1055 — Trends in Risk-Adjusted 30-Day Mortality and Readmission for VA Patients Hospitalized with Heart Failure
Lead/Presenter: Paul Heidenreich,
COIN - Palo Alto
All Authors: Heidenreich PA (MedSafe QUERI, VA Palo Alto), Sahay A (MedSafe QUERI, VA Palo Alto HCS), Lin S (MedSafe QUERI, VA Palo Alto HCS) Parizo J (MedSafe QUERI, VA Palo Alto HCS)
Concern has been raised in non-VA US health care that large financial penalties for high readmission rates (from the Hospital Readmission Reduction Program) has led to reduced 30-day readmissions at the expense of increased 30-day mortality. While the VA does not financially penalize hospitals for high readmission rates, both readmission and mortality impact Strategic Analytics for Improvement and Learning (SAIL) metrics that are used to judge VA facility quality. We sought to determine if the decreasing readmission, increasing mortality trend was observed in the VA as well.
We examined trends in 30 day-mortality and 30-day all-cause readmission (to VA facilities) for patients hospitalized with heart failure (based on principal discharge diagnosis) for 3 time periods (2007-2008, 2011-2012, and 2015-2017). We adjusted 30-day mortality and readmission for patient demographics, co-morbid diagnoses in the prior two years, prior hospitalization, left ventricular ejection fraction (from natural language processing), laboratory data, and vital signs on admission.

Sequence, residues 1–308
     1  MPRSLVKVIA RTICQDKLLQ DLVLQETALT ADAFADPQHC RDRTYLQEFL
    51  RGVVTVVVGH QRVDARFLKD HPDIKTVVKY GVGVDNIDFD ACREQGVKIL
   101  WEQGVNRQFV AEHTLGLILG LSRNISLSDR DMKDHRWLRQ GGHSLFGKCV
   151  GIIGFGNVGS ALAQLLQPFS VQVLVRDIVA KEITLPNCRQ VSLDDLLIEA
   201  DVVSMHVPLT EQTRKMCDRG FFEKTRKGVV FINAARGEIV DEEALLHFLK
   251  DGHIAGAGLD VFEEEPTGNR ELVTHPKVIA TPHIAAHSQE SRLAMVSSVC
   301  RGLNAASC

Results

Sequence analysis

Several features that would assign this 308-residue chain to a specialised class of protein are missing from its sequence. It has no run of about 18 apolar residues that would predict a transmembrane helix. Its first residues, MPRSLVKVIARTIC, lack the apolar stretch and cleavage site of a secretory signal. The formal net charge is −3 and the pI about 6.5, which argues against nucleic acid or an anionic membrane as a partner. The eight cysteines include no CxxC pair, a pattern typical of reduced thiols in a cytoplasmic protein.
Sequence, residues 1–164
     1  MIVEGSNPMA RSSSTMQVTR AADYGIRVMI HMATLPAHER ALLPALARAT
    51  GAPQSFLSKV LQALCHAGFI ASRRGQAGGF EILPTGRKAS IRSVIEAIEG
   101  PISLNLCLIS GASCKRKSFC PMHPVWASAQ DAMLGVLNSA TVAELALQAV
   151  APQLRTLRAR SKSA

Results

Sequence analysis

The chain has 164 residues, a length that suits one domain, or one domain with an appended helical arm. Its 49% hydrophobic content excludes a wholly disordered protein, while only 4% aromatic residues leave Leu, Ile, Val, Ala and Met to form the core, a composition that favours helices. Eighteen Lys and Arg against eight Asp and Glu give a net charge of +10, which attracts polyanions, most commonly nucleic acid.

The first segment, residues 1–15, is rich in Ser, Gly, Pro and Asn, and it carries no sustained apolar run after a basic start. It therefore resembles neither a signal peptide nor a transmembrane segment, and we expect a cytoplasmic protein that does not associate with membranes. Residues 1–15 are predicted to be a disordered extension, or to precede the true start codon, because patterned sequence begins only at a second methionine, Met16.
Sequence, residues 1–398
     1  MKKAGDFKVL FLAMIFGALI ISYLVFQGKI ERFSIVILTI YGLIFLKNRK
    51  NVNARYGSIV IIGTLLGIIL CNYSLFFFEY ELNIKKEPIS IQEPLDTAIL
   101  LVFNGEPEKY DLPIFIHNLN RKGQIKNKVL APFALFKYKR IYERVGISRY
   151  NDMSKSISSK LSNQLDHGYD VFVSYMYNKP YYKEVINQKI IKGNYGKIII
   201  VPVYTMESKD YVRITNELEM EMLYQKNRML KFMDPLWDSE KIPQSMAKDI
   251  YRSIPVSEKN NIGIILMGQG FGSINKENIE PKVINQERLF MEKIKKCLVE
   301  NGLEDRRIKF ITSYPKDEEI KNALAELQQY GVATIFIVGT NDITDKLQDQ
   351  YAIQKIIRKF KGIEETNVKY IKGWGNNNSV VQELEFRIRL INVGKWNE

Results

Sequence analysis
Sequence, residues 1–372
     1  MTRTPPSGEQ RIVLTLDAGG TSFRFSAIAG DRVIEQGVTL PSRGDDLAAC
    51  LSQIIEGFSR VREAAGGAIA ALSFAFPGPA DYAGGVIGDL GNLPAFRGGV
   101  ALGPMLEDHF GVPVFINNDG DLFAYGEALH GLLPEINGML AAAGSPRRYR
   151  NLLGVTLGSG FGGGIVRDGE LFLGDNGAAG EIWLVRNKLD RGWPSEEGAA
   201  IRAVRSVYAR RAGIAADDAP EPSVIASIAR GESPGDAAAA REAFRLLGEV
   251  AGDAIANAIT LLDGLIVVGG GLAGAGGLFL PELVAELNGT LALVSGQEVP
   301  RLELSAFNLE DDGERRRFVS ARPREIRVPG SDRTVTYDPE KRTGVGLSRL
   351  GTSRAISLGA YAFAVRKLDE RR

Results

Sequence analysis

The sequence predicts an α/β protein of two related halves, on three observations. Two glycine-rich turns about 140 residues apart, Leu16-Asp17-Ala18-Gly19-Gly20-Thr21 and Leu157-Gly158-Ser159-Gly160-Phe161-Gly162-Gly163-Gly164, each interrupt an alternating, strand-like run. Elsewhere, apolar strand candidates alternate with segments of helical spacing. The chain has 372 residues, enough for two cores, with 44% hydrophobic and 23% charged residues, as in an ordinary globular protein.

Over time, mean age increased slightly from 71.0 (2007-2008) to 71.4 years (2015-2017). The unadjusted 30-day readmission rate was 16.9% in 2007-2008, 17.1% in 2011-2012 and 15.5% in 2015-2017. Unadjusted 30-day mortality was 8.9% in 2007-2008, 8.0% in 2011-2012, and 6.7% in 2015-2107. After adjustment, the odds ratios for 30-day readmission (vs. 2007-2008) were 0.95 (95% CI, 0.91-1.0) in 2011-2012 and 0.85 (95% CI, 0.81-0.89) in 2015-2017. The adjusted odds ratio for 30-day mortality (vs. 2007-2008) was 1.01 (95% CI, 0.95-1.07) in 2011-2012 and 0.88 (95% CI, 0.82-0.93) in 2015-1017.
Unlike in the Medicare program, both 30-day readmission and mortality have decreased in recent years following a VA heart failure hospitalization.
These data should ease concerns for a harmful effect of including the heart failure readmission rate as part of performance evaluation (SAIL) for VA facilities.